In case you are looking for something to do with you little ones while the big kids head back to school, or are wanting to provide fun learning opportunities for your children… Turtle Bay is a good place to start! Turtle Bay is already a place for interactive, exploratory fun, but did you know about some of our regular programming that is available to you? As the New Year starts, we invite you to join us as we experience the following programs this year.

Little Explorers

Little Explorers
These little ones got an up close meet and greet with Virginia, the box turtle.

Every Thursday morning, little ones ranging from 2 to 5 years old come with their families for the Little Explorers Program. This program facilitates a play-based learning environment where young children can investigate, create, and discover. Because Little Explorers is in the Mill Building, you can join in rain or shine. A typical program usually includes a story, an activity, and a take home craft all led by one of our docents. January’s theme is Nighttime Wonders. Join us in February to learn all about what’s On the Farm!

Little Explorers
We aren’t afraid of getting our hands dirty! This explorer is investigating a worm as he learns about what makes soil healthy.

Family Second Saturday

Family Second SaturdayIt’s in the name! Every second Saturday of the month, we invite everyone in the family to join us for an afternoon of interactive and educational fun. Although we offer new and exciting activities each month, we occasionally pull out some of our popular favorites! Keep an eye on our calendar for upcoming Family Second Saturday topics and activities; we hope to see you and the whole family there!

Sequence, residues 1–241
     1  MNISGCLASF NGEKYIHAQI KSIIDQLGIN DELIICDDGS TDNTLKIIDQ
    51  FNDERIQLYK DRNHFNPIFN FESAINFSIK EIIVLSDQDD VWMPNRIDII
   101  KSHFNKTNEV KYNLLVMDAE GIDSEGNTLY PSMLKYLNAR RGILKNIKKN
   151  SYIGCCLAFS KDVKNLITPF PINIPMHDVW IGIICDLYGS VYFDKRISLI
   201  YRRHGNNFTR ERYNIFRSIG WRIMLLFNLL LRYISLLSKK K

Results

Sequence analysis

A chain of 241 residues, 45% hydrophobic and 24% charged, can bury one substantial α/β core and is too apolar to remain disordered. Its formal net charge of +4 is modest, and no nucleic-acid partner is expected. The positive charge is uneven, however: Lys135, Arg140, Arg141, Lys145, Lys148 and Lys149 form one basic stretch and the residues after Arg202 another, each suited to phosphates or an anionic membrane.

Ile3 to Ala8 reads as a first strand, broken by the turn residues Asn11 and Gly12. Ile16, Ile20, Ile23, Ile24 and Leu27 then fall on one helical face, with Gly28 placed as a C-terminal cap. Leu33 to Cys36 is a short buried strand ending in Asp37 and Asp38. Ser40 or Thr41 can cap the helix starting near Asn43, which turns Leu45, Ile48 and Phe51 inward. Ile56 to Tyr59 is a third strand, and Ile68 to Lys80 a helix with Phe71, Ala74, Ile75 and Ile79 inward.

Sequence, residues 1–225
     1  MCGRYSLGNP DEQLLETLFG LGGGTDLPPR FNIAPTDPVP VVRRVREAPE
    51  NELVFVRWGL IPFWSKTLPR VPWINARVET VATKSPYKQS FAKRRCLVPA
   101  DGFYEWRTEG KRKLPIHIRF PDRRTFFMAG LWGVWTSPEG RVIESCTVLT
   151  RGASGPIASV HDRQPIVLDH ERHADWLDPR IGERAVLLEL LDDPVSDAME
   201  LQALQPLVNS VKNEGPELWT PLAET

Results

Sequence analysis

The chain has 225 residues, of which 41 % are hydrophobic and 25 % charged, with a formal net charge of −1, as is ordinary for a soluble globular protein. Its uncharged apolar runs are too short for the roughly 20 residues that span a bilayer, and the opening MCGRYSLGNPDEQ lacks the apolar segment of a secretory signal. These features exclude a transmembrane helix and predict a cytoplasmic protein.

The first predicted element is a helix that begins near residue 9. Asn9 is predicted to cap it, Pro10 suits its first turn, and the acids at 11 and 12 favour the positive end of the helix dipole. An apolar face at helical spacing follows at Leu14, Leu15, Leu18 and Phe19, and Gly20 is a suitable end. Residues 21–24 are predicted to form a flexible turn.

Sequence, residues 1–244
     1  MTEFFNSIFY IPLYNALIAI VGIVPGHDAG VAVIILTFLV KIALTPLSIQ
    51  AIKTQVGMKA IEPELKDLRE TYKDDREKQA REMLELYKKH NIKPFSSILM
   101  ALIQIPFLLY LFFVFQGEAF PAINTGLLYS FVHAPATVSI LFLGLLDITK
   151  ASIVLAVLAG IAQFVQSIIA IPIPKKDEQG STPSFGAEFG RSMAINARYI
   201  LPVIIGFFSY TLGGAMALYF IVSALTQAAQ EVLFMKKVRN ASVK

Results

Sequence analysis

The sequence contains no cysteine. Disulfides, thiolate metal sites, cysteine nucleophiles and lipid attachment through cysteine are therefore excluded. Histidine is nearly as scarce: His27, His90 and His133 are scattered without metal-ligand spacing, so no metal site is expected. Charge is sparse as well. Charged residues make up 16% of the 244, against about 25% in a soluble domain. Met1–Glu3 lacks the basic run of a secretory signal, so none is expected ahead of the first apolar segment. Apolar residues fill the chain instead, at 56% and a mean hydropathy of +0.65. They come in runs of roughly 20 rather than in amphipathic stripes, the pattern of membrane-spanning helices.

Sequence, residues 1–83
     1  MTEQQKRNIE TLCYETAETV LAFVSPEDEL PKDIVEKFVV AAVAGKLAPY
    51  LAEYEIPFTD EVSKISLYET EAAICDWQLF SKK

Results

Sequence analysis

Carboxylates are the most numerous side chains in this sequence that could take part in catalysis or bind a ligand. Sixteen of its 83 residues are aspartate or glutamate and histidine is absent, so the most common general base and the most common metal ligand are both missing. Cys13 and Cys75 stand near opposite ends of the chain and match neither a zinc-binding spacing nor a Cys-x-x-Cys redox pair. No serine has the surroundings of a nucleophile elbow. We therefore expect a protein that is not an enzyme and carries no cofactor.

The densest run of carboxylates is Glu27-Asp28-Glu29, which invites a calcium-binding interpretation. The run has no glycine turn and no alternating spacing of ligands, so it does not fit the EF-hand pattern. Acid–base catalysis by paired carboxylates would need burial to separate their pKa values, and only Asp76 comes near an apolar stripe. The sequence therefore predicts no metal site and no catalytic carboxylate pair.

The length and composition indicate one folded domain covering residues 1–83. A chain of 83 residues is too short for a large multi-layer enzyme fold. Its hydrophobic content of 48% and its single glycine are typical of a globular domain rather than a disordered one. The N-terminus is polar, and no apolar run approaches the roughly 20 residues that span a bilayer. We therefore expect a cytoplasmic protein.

This month’s Family Second Saturday: Dry Ice Investigations

February: Innovations

Science Saturday

Science Saturday
Chemical Reactions come in all colors and sizes! Here we have colored Alka-Seltzer tablets being dissolved in warm and cold water. Do you think they had the same reaction?

Following our family Saturday program, each third Saturday of the month we feature Science Saturday. During this event, guests will have the opportunity to experiment, observe demonstrations, and hopefully will be able to answer the question, “What is going on?” as we explore and investigate.

This month’s Science Saturday: Science of Small

Science Saturday
How many glass beads in each glass do you see? Hint: there’s 3 altogether. Come see us this Science Saturday and find out what is going on!

February: On the Ranch

 

We hope to see you here soon!

Shasta County’s First Mini Maker Faire

Trilogy Challenge
During the faire, Trilogy Architecture hosted the “You Shall Not Pasta!” Bridge Building Challenge. Students from Cypress show off their pasta bridges before they are tested.

November 12th was the first Shasta County Mini Maker Faire. With 100+ vendors, over 2000 attendees and countless opportunities to create, this event met all of our expectations and more! Here are some highlights and pictures from the faire.

Bridges

Loom
Turtle Bay’s very own loom gave many makers the opportunity weave yarn to create a textile.

The Shasta County Mini Maker Faire was an opportunity for makers from all over North State and beyond to come together to not only showcase their passion, but to celebrate and inspire creativity, collaboration and hands-on experiences. This event was geared to be family-friendly and we are excited to share that over half of our attendees were under 18! We hope to continue this celebration as our younger community members are inspired by our local makers, educators, parents, and enthusiasts to build, design, innovate, and create.

Set up
Finalizing all the details before the participants arrive!

Although many of the activities provided by our makers are more difficult to recreate than others, we couldn’t help but to give you some ideas and activities you could do at home! Stay connected with the our maker community by following us on Facebook. Happy making!

North State Giving Tuesday is almost here!